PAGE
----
With vivid prose and compelling characters, The Mist of God offers a captivating glimpse into Biblical times. The destinies of Linus Flavian, Maria of Magdala, and their son, Marcus, play out in this dramatic first-century story that spans the extremities of the known world of that time, from Britannia to India.
The Roman Empire is rising to its height while a fledging religious sect of Judaism reconciles itself with the mystery of its crucified leader, Joshua of Nazareth. Growing from a clash between nationalistic Judaism and a messianic universalism, followers from Saul of Tarsus to Simon Cephas take the fledgling faith out to the Gentile world on the trading routes of the House of Arimathea.
Their witness, however, differs from the very personal understanding of divinity that Maria believes she learned from her lover, the crucified Lord. Nevertheless, she passes this legacy on to her son, Ben Joshua, the child Joshua never knew. Ben Joshus finds this message enchanced when he travels to India as a partner in the House of Arimathea—but his survival is anything but certain.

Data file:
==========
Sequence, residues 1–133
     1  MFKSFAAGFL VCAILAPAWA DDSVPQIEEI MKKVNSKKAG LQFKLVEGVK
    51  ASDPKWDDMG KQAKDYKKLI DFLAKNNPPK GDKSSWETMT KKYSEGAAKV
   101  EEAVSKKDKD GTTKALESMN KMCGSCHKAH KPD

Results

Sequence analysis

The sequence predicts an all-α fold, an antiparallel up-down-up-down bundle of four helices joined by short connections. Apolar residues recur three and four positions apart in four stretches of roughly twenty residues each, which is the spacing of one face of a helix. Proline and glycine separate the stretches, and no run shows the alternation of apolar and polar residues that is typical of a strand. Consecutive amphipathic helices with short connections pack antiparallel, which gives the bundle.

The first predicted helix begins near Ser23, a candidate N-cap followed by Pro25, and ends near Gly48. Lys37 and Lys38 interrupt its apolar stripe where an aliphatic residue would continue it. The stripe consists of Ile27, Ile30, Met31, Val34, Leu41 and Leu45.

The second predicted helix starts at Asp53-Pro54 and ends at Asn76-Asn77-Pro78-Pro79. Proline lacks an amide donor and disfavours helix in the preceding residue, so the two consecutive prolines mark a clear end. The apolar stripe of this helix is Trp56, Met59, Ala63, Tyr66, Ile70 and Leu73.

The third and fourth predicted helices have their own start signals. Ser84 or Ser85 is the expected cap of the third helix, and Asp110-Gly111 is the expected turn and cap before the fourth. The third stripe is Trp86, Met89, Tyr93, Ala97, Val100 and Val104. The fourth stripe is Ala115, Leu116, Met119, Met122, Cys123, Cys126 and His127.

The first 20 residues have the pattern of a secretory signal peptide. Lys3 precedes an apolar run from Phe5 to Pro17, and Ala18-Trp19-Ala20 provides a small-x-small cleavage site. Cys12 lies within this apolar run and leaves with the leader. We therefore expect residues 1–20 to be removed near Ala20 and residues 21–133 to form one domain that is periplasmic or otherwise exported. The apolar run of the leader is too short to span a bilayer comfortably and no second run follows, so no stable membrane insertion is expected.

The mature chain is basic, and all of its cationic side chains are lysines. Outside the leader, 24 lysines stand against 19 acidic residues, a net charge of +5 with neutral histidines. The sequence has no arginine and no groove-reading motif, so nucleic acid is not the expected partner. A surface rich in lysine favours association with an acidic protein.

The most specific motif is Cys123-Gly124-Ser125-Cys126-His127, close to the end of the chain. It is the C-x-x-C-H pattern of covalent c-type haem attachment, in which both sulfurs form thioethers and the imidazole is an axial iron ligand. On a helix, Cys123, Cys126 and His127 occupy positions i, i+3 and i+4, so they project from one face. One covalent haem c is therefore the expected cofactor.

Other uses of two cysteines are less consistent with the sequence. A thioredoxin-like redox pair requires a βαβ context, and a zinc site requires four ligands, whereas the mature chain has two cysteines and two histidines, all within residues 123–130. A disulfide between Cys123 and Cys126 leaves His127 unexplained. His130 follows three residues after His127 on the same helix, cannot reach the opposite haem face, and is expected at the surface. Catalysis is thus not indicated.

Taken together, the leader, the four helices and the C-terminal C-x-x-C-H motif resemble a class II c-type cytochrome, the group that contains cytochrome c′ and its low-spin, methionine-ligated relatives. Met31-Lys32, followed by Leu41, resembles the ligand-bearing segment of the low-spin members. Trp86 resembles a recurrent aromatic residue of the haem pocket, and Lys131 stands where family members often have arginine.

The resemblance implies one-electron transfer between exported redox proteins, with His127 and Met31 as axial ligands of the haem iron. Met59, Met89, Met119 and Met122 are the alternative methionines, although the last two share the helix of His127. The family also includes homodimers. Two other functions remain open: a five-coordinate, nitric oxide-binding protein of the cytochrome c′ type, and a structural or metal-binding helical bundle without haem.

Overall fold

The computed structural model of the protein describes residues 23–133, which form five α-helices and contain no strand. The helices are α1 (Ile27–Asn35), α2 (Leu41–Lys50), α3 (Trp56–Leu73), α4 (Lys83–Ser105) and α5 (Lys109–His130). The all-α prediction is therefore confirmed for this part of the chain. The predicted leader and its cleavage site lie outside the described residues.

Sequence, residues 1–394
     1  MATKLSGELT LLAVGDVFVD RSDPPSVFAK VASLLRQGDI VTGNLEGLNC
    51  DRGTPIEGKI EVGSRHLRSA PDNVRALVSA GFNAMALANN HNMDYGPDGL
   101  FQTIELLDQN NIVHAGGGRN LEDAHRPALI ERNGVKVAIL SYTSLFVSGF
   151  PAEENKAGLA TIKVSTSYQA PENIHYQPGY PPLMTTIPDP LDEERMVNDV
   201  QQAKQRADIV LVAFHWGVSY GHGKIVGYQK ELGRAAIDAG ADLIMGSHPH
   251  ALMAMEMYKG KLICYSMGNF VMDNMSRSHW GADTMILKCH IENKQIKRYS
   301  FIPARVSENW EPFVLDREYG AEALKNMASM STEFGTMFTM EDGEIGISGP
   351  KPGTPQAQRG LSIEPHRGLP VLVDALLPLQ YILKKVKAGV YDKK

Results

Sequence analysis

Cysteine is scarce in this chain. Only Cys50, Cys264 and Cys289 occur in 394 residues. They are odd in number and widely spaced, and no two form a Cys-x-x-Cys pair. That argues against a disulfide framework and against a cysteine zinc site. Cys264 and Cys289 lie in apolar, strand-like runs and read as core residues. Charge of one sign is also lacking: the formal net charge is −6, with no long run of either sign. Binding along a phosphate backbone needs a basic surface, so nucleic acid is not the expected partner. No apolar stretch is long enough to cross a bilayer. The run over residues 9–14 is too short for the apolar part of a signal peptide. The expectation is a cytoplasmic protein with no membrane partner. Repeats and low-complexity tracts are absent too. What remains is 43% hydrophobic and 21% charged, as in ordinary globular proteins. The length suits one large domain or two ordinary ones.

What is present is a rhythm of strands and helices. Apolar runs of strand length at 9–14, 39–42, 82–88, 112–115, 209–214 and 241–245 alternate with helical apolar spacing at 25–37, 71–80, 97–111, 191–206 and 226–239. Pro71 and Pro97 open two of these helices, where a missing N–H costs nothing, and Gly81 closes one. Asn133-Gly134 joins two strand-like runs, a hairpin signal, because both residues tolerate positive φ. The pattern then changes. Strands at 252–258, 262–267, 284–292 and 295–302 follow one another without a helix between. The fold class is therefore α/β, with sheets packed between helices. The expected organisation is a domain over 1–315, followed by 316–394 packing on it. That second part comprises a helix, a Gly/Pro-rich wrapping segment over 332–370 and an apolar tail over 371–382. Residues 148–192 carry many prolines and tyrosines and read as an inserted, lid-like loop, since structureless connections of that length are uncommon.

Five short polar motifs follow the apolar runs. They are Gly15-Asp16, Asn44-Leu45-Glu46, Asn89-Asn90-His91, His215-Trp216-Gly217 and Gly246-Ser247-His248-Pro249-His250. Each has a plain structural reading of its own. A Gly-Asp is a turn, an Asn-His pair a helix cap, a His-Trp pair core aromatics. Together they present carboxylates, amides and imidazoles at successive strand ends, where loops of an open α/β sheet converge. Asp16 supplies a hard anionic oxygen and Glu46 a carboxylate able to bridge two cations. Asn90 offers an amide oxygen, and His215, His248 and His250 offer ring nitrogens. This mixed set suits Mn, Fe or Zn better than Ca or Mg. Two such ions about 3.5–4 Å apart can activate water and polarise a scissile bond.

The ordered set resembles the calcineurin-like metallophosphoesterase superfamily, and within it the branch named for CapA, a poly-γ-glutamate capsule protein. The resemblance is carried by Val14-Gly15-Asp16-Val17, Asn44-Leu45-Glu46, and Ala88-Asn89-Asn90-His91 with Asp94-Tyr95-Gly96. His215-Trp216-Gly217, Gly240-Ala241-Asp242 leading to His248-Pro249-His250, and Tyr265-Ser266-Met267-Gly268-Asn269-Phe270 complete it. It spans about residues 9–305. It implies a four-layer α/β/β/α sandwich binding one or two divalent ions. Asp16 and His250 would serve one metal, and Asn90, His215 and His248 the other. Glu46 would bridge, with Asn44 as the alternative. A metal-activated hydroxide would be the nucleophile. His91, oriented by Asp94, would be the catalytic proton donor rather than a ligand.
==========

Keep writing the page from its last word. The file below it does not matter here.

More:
The third in the dramatic series The Magdala Trilogy, The Mist of God provides a fascinating commentary on the origins of Christianity that is both challenging yet plausible, incorporating traditional beliefs, fictitious thoughts, and new controversial interpretations.
Peter Longley graduated with a master’s degree in theology from Cambridge University in 1970. He was a licensed lay reader and preacher in the Anglican Church, both in Ireland and the United States. Since 1977, Longley has lived in Georgia, Minnesota, and Missouri and for twenty-fi ve years traveled the world as a cruise director. He now works in Horticulture.